Steve Reich's Drumming works so well because, in line with Reich's famous goal of making audible in music – indeed making the one indistinguishable from the other –the 'gradual processes' that define his and others’ minimalist compositional techniques, it takes as its subject one of the most fundamental cognitive modes through which we hear and understand music.
Thus, the matter of the composition arises principally from the gradual filling in of a fundamental thematic pattern which then interlocks with itself according to shifting cycles in seemingly endless ways, with new patterns also being introduced explicitly following their implication by the resultant sound-texture of the ensemble. This system of organisation plays directly and explicitly in to both the pattern-making habits of our brains, and to the psychoacoustic principle of the phantom effect, where information is cognitively supplied by the listener according to emergent sounds arising from the musicians’ collective performance.
The piece, then, is about the horizontal and vertical development of a fundamental 12/8 pattern, a development that neatly and fluently marries minimalist compositional technique to basic models of human cognition.
Drumming is written for a percussion ensemble of nine players, who each take up various roles as marimba, small tuned drum, and glockenspiel players, in addition to two female vocalists, one of who doubles as a whistler, and a piccolo player. Like Reich's preceding compositions Drumming makes extensive use of the composer’s patented technique of phasing, where two musicians (or more) playing identical patterns gradually move out of phase through acceleration in one of their parts, before syncing again, but now with their patterns interlocking in a different way.
Unlike his work up until that point, however, Drumming uses distinct (though sympathetic) timbres: thus, the first section features the drums exclusively, before these give way (spellbindingly, here) to the marimbas (on which the whole nine players eventually play), which lead to glockenspiels, piccolo, and voices, before the piece culminates in a mixed ensemble that recalls each of the three preceding sections.
Key in performing the work is maintenance of balance between order and caprice, though the latter, with the exception of indeterminate numbers of repeats, for example, is largely an illusion of the broad dynamic range available and the sheer mathematical complexity of the rhythmic heterophony. This balance has already been accomplished, of course, in the brilliant and incisive compositional scaffolding of the work itself, but it is nevertheless to the communication of this quality (which presumes accuracy of execution) that performers must dedicate themselves.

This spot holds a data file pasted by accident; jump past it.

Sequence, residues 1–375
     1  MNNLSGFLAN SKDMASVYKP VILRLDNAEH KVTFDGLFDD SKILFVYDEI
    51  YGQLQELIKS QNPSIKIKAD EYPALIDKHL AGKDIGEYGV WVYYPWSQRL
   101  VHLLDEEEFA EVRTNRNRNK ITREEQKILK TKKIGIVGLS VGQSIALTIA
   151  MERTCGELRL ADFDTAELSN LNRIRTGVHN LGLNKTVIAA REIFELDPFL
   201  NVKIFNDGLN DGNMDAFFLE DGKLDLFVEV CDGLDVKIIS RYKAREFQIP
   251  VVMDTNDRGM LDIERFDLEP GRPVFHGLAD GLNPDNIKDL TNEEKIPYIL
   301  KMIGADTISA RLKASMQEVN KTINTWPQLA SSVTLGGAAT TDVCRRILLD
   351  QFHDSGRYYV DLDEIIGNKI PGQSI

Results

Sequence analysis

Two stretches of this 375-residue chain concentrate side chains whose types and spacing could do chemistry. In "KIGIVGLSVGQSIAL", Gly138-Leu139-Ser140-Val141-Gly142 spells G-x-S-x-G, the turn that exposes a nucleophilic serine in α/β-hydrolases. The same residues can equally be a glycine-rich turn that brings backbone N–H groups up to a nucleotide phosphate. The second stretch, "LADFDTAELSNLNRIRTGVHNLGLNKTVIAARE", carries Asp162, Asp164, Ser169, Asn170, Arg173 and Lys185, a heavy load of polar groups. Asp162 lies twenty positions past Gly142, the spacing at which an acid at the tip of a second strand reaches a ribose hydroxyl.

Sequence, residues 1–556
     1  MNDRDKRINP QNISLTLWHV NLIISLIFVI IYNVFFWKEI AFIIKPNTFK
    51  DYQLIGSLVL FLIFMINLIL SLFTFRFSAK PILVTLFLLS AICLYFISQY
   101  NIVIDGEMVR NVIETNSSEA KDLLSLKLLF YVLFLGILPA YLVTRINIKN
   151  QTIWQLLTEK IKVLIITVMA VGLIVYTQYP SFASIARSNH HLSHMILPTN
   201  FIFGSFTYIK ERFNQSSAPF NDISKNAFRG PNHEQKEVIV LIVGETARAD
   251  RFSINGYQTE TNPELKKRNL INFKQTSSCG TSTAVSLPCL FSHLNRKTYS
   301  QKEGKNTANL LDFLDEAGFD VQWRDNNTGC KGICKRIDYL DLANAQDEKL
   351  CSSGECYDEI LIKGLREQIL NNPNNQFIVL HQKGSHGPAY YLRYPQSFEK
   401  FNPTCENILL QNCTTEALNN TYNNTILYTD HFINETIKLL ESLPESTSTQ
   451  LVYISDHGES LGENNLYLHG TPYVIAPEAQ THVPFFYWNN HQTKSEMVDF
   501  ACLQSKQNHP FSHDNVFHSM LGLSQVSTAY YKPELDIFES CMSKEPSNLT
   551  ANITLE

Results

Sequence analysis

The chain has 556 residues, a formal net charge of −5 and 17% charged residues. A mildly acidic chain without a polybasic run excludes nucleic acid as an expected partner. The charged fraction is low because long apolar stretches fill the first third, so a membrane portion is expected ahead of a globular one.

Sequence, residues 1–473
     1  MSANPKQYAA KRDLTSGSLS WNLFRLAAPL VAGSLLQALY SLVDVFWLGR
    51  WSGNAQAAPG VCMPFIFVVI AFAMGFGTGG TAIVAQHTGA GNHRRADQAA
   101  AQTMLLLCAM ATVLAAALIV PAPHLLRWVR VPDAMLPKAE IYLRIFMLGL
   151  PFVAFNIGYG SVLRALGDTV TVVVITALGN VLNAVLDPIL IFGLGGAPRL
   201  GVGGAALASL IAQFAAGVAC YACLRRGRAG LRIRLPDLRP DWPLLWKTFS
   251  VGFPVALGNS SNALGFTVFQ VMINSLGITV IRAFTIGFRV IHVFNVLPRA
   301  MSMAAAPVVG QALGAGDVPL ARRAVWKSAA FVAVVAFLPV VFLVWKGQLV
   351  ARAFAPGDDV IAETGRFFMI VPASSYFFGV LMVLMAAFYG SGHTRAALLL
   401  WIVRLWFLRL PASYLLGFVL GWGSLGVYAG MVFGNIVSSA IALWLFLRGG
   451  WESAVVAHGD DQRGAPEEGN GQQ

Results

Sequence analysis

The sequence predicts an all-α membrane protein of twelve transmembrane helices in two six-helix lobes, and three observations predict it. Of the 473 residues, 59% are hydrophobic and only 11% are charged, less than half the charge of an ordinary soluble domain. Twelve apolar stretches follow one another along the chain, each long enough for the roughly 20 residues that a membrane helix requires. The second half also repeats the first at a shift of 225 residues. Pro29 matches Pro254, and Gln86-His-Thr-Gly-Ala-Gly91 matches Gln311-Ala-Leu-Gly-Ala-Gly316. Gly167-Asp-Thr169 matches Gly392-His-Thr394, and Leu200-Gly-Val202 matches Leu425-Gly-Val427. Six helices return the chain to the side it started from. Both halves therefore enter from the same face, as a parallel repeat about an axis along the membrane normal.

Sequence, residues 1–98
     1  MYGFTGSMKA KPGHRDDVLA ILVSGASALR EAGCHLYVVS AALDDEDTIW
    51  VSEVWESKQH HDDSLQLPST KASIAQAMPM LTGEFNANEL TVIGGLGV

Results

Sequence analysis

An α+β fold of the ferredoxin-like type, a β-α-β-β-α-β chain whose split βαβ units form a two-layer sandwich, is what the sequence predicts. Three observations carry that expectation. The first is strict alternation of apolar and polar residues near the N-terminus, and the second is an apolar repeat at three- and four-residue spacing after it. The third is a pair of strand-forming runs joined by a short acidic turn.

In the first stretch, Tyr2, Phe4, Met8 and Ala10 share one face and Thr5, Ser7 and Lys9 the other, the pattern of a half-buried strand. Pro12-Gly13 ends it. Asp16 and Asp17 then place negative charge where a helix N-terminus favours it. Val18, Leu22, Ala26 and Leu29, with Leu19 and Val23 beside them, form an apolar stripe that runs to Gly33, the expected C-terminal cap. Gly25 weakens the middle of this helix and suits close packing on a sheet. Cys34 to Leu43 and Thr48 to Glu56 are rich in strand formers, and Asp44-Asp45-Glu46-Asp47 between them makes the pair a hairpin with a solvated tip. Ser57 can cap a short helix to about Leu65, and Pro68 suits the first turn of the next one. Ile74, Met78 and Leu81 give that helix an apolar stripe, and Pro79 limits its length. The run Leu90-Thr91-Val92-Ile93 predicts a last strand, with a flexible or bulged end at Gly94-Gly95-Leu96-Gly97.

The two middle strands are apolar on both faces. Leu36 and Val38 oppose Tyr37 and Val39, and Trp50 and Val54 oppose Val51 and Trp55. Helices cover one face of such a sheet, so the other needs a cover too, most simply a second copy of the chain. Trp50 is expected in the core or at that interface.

Our performers this evening – the Colin Currie Group with Synergy Vocals – managed this balance with aplomb. With each phasing you felt wonderfully on edge, for example, confident in the musicians' skill but nevertheless wracked by a strangely dreadful tension. The accuracy of execution, meanwhile, with the exception of the odd dropped mallet and a little timidity in the singing (though, to clarify, the fault may have been primarily with the sound engineer as the vocals appeared buried in the mix from time-to-time), was absolutely top notch. (The singers generally showed good sensitivity to the pacing and weight of the ensemble.) The first section leant heavily on high dramatics, a level of intensity that, when carried forward to the reappearance of the drums in the final section threatened to overshadow the tone-colours and subtlety of pattern in the rest of the ensemble somewhat, but actually more generally set a boldly invigorating template for the rest of the performance.
The third section, with its whistles, its high flute, and its metallophones, enchantingly recalled Javanese Gamelan, in sound if not quite in organisation, whilst the second sections' marimbas proved the highlight of the night for me, with the instruments' sea of overtones forming itself into a heaving ghost fixated on an almost-straight five note diatonic motif.
A wonderful performance, then, whose only drawback was that considering the setting the propulsions of its sound could not be met by similarly animated and energized movement in its audience!
Drumming will be performed in Bristol’s Colston Hall (May 11th), Reading Concert Hall (June 12th), and Cheltenham Festival (July 3rd).
Photo: Colin Currie Group
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